How to cite this study
Molina, J., K. Ito, P. James, and M. Arcaya. 2012. Quequechan River Rail Trail Health Impact Assessment. Massachusetts Area Planning Council.
This study found that extending a rail-trail from the outskirts of Fall River, Massachusetts into the city center is likely to generate a range of benefits for the community, including increased physical activity, fewer pedestrian and cyclist crashes with motor vehicles, increased business activity and improved working environment, and less air pollution. This study is an example of a small city’s Health Impact Assessment, a single document that can be used by trail planners and advocates to justify the investment of public funds.
This study would be of interest to communities that are developing or proposing a trail and want to find an example of a comprehensive assessment of a single trail’s benefits. The study outlines a sound approach to assessing a broad range of benefits from trails in both quantitative and qualitative terms, using publicly-available local data and existing primary research.
This study is based in Fall River, Massachusetts, population 89,049 in 2013. Fall River is roughly one hour south of Boston, Massachusetts.
The Quequechan River Trail is a 1-mile paved rail-trail on the outskirts of town, and the analysis considers the impact of extending the trail 1.6 miles into the center of town.
The study is designed to assess the public health and safety-related benefits of the proposed trail to provide recommendations regarding trail design and maintenance to maximize those benefits and help justify the investment of public funds. The project was selected for a Health Impact Assessment by a Massachusetts Department of Public Health statewide program, Mass in Motion, to help municipalities encourage physical activities.
- The trail is likely to increase physical activity of residents, particularly those living within a mile of the trail. These neighborhoods have generally lower income and larger immigrant populations, and other studies have shown these are the populations most at risk of inactivity.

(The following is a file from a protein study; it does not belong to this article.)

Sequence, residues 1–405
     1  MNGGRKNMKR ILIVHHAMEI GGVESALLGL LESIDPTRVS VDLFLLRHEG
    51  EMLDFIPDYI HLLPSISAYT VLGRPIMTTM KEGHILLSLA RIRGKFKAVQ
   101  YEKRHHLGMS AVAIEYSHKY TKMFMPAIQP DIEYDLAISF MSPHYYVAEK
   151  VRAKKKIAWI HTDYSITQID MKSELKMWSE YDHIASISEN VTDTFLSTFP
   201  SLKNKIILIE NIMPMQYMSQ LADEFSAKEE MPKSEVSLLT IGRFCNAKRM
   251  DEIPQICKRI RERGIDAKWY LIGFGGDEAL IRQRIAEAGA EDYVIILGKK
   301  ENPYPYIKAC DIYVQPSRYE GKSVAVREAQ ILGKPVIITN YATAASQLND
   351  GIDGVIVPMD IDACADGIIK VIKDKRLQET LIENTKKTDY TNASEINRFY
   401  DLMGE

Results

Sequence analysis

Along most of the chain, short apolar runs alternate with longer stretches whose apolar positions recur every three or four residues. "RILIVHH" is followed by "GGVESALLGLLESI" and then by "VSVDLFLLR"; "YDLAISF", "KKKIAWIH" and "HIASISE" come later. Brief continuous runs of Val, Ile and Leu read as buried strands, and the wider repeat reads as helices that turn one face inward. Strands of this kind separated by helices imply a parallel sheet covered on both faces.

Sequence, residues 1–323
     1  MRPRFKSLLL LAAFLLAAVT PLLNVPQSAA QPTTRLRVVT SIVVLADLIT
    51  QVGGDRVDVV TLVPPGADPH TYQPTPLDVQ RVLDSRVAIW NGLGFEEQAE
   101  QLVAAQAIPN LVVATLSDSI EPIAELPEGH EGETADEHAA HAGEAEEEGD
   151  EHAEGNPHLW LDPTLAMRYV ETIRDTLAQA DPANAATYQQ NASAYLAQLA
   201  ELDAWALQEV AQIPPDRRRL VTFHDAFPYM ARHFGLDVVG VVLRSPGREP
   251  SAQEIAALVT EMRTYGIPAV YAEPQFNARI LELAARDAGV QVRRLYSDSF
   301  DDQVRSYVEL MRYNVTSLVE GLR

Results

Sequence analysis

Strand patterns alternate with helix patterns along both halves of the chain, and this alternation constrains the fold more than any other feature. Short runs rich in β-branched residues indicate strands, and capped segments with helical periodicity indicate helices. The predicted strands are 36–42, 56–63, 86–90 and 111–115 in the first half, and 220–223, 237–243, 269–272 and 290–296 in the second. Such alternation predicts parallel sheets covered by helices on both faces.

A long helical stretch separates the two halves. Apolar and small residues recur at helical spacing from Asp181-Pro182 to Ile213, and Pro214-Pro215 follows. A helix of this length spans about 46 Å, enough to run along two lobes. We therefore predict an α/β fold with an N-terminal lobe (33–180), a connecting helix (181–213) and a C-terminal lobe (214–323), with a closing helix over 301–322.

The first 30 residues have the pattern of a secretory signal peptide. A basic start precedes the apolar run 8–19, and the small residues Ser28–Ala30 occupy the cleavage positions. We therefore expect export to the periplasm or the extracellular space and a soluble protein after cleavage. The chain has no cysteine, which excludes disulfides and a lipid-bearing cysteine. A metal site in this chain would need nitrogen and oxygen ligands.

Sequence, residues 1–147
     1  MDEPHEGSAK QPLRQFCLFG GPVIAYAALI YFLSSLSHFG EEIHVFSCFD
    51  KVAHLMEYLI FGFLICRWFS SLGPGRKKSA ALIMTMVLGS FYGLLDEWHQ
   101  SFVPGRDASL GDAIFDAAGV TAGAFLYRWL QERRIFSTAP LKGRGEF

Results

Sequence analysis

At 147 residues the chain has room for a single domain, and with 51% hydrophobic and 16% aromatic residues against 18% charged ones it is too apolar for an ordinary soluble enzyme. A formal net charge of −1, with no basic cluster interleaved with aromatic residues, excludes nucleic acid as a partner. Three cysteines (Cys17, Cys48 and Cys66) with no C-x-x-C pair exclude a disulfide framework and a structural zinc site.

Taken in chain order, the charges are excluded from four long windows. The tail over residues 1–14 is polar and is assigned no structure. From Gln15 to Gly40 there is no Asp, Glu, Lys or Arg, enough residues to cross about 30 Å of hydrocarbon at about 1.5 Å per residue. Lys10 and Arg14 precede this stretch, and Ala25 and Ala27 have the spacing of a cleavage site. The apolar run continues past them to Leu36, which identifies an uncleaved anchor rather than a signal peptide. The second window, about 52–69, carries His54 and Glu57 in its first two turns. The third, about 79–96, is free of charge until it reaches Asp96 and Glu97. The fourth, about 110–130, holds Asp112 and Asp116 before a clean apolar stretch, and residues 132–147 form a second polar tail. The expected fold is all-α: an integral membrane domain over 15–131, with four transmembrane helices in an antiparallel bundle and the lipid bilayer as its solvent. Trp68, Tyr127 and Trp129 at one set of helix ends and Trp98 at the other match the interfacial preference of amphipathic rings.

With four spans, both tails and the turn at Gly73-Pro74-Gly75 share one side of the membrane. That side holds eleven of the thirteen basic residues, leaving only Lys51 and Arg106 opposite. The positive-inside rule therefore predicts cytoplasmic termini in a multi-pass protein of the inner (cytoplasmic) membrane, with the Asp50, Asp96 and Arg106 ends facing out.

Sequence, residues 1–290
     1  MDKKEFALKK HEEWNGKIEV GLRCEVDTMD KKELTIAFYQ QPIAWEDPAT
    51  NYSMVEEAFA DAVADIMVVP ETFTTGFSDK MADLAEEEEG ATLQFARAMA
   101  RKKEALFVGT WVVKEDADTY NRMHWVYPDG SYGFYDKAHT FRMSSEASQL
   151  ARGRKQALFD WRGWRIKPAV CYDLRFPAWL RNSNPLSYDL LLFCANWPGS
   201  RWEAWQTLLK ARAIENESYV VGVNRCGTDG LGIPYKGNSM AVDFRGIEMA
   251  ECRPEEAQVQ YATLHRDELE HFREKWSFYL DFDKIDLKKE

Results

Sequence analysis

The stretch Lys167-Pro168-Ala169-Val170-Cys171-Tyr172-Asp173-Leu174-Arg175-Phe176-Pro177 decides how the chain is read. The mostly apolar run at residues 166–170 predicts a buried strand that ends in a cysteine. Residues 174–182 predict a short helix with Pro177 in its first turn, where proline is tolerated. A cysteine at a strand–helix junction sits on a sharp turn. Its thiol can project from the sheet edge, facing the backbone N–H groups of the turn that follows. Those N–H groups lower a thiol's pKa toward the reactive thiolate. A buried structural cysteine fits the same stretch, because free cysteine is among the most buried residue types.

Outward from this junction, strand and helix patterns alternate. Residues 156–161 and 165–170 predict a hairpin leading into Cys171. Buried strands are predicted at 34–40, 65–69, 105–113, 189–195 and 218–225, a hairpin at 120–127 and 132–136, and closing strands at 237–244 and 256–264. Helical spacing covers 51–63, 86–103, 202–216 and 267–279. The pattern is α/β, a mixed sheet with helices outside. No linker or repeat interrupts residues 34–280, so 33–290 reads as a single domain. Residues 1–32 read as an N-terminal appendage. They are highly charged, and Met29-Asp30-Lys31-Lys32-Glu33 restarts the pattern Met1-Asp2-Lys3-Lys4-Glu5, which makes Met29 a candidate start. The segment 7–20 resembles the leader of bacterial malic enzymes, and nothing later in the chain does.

- Most crashes involving pedestrians and cyclists occur within one mile of the proposed trail. The authors anticipate that the number of accidents could be reduced if more cyclists and pedestrians were on the trail rather than the roadways. The trail’s safety will depend on well-designed trail-roadway intersections.
- The first phase of the trail was associated with increased business and improved quality of life for employees at several local businesses and institutions. The authors suggest that the second phase will have similar positive effects on adjacent businesses.
- The trail is predicted to reduce total vehicle miles traveled by all drivers within a 1-mile radius of the trail by 53.5 miles per day, a 1.4 percent decrease. This would likely lead to small decreases in respiratory and cardiovascular diseases.
The authors used existing scholarly studies to identify the connection between trails and activity, avoided collisions, crime, economic development, and social cohesion. They applied these relationships to existing conditions in Fall River using local demographic, health, traffic safety, and crime data. They then compared existing conditions to expected conditions with the trail. Where possible, they generated quantitative values; otherwise, they included a qualitative description of the relative magnitude of likely effects and the population that would be affected.
Air quality improvements due to fewer vehicle miles traveled were estimated using a spreadsheet tool provided by the Massachusetts Department of Transportation and Federal Highway Administration called the Congestion Mediation and Air Quality (CMAQ) Analysis Worksheet, specifically for bicycle facilities. The authors input local data on population, employment, households, proportion of commuters traveling via bicycle, and length of the proposed path. From these data the spreadsheet calculates anticipated reductions in VOCs and NOx, precursors to ozone formation, which can lead to respiratory illness.
Added to library on February 11, 2015